Utilize este identificador para referenciar este registo: http://hdl.handle.net/10400.15/576
Título: Parasitological fauna in farm animals from Cape Verde Islands and Guinea-Bissau (West Africa)
Autor: Crespo, Maria Virgínia
Rosa, Fernanda
Palavras-chave: parasitological fauna
farm animals
Cape Verde Islands
Guinea-Bissau
Data: 18-Jul-2004
Citação: Crespo, M. V.; Rosa F. (2004) - Parasitological fauna in farm animals from Cape Verde Islands and Guinea-Bissau (West Africa). In: Mas-Coma, S.; Bargues, M. D.; Esteban, J. G. and Valero, M. A. (2004). Multidisciplinarity for Parasites, Vectors and Parasitic Diseases, Programme and Abstracts IX European Multicolloquium of Parasitology, Valencia, Spain, 464-465.
Resumo: Since the Atlantic Islands and the coast of West Africa have been discovered that scientists studied their parasitological fauna, mainly the one associated to serious diseases in man and farm animals, which were unknown in Europe. The Cape Verde Islands and Guinea-Bissau were used as “arrival and departure points” during the portuguese discoveries, which promoted the introduction of parasites from other geographical areas or the opposite. On the other hand, as they have been related during several centuries by historical, religious, geographical and political reasons, the spread out of parasitical agents to the previously uninhabitated islands was the most probable occurrence. Based on available references and on the results obtained from parasitological studies in domestic animals performed during 1991 and 1999, at the Cape Verde Islands and Guinea-Bissau, 65 parasitic species were listed, included in PLATYHELMINTHES (TREMATODA and CESTODA), NEMATODA, INSECTA, ARACHNIDA and PENTASTOMIDA PHYLLA. The parasitological diversity was higher at Guinea-Bissau, with 55 species, than at Cape Verde Islands, with 30, from which six species were not found at Guinea-Bissau. Considering the overall species identified, 22 (33,84%) are of afrotropical origin and all the remaining are cosmopolite (61,54%) and pantropical (4,62%), revealing the scarcity of afrotropical species in the islands, only 4 (6,15%). As the majority of species were of cosmopolitan origin, they could have been introduced by domestic animal migrations connected to species evolution or more recently by maritime traffic from all over the world. On the other hand, the obtained differences express the dissimilarity in bio and climatic conditions between a continental area with a regular rainy season and an insular area where the irregularity of the rainy season restricts the diversity of the parasitological fauna.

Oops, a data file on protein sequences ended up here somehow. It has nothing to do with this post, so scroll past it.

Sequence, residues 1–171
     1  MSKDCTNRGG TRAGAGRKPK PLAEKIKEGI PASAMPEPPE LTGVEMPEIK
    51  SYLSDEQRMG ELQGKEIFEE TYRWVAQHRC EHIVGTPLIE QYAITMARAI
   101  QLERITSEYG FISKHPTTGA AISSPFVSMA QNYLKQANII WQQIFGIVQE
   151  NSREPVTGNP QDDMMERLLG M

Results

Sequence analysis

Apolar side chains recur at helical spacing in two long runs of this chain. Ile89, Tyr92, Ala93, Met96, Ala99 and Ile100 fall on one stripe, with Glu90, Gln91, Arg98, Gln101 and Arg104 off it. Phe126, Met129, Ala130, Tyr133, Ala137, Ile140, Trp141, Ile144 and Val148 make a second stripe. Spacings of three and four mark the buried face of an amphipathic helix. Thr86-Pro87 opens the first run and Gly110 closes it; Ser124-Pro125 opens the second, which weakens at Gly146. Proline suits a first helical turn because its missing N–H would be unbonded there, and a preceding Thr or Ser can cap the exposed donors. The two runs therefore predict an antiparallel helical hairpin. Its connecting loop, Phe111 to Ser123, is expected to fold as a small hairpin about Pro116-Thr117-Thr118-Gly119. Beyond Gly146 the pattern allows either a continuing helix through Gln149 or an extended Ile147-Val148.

Descrição: Apresentação em painel
Peer review: yes
URI: http://hdl.handle.net/10400.15/576
ISBN: 84-609-1732-0
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